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Although there is certainly a wide range of 'customs' regarding this question, why do some Orthodox communities skip the wife's first name in invitations saying:

"Mr. and Mrs. [Husband First and Last Name] invite you to..."

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    As you said -- some think it's more "tznius" that way. (BTW R' Chaim Brisker wasn't bothered by this, his kids' invitations were signed "Chaim veLifsha Soloveichik.") People have all sorts of interesting ideas about "tznius." – Shalom Jun 16 '20 at 16:01
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    There's a Tzitz Eliezer in which the widow of a rosh yeshiva embroidered a Paroches and donated it to the yeshiva, it said "donated by Rebbetzin so-and-so"; but some didn't want to put it up, as why should everyone in the yeshiva have to see a woman's name by the Aron Kodesh? R' Waldenberg read those people the riot act and insisted they put it up. – Shalom Jun 16 '20 at 16:03
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    It's not only Orthodox Jewish communities. It's a slightly older-fashioned or conservative way of writing a couple's names, common also among non-Jews. – msh210 Jun 16 '20 at 16:19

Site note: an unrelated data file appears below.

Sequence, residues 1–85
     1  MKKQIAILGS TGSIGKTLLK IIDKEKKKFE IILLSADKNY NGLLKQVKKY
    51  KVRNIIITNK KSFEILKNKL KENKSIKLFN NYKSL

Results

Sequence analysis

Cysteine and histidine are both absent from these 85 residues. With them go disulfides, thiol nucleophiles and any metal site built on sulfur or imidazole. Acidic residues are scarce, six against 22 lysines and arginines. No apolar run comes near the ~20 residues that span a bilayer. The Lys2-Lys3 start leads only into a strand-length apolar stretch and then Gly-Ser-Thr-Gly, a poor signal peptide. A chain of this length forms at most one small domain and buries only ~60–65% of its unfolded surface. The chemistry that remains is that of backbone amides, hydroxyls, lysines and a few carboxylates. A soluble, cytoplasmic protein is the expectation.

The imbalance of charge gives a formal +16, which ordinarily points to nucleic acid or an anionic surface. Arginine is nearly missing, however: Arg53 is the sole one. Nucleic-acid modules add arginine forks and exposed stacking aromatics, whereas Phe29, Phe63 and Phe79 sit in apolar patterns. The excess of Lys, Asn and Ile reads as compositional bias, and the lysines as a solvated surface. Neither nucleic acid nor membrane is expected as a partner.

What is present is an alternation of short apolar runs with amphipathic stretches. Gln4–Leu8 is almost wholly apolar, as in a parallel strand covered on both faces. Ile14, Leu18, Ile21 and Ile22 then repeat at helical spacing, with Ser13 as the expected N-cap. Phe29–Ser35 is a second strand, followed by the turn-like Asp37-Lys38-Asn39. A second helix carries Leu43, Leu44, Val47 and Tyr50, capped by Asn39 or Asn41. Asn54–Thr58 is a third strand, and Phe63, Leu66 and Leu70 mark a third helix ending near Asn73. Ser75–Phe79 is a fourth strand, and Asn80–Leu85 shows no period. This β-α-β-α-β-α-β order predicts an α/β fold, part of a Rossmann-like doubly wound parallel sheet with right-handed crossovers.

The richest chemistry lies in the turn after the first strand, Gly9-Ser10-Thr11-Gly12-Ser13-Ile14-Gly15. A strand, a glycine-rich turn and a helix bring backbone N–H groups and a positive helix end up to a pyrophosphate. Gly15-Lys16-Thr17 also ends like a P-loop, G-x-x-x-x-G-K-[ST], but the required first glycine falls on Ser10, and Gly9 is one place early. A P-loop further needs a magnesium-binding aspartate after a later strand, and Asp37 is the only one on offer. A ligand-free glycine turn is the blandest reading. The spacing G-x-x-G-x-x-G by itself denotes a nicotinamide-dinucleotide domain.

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    (continuation of my previous comment) see e.g. – msh210 Jun 16 '20 at 16:23
  • There probably isn't a formal reason behind this. Probably just others copying others. – robev Jun 16 '20 at 16:58
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In discussing why the bas kol says 'bas ploni to ploni' instead of the woman's name, the Ben Ish Chai (Sotah 2a) writes

והנה מקשים למה בזכר מזכיר שמו ובנקבה לא הזכיר שמה? ונראה לי בס"ד דהנקבה היא דין והזכר רחמים ולכן כוחות הדין נאחזים בנקבה יותר מן הזכר ולכן המזיקין והשדים נדבקים בנקבה יותר כידוע ועל כן לא הזכירה שמה כדי שלא יהיו המזיקין והשדים אשר ישמעון דברי בת קול מכירים בה ויתעוררו לרדוף להדבק בה מה שאין כן בזכר אין חשש פן בהזכרת שמו יתעוררו וירדפו להדבק בו. - A woman's name is considered din and a man's name is considered rachamim. Therefore, the powers of din grab onto the woman more than a man, thus the damaging forces attach themselves onto her more than him. When the damaging forces hear the bas kol, they may recognize her name and pursue the woman to attach themselves onto her. On the other hand, the man has no concern for the bas kol mentioning his name and those pursuing forces to attach themselves to him.

ובני ידידי כבוד הרב יעקב נר"ו תירץ דלאו אורח ארעא שתזכיר בת קול שם הנקבה ולכן העלימה שמה וזכרה אותה על שם אביה - It's not the way of the world for a bas kol to mention the name of a woman. Therefore it doesn't say her name, rather the name of her father.

Although the first answer might not apply to public announcements outside of a Heavenly bas kol, perhaps the "way of the world" answer still applies in certain communities. Therefore, those communities would feel it is still the proper derech eretz not to mention their wife's name publicly, while others feel the way of the current world is fine with that.

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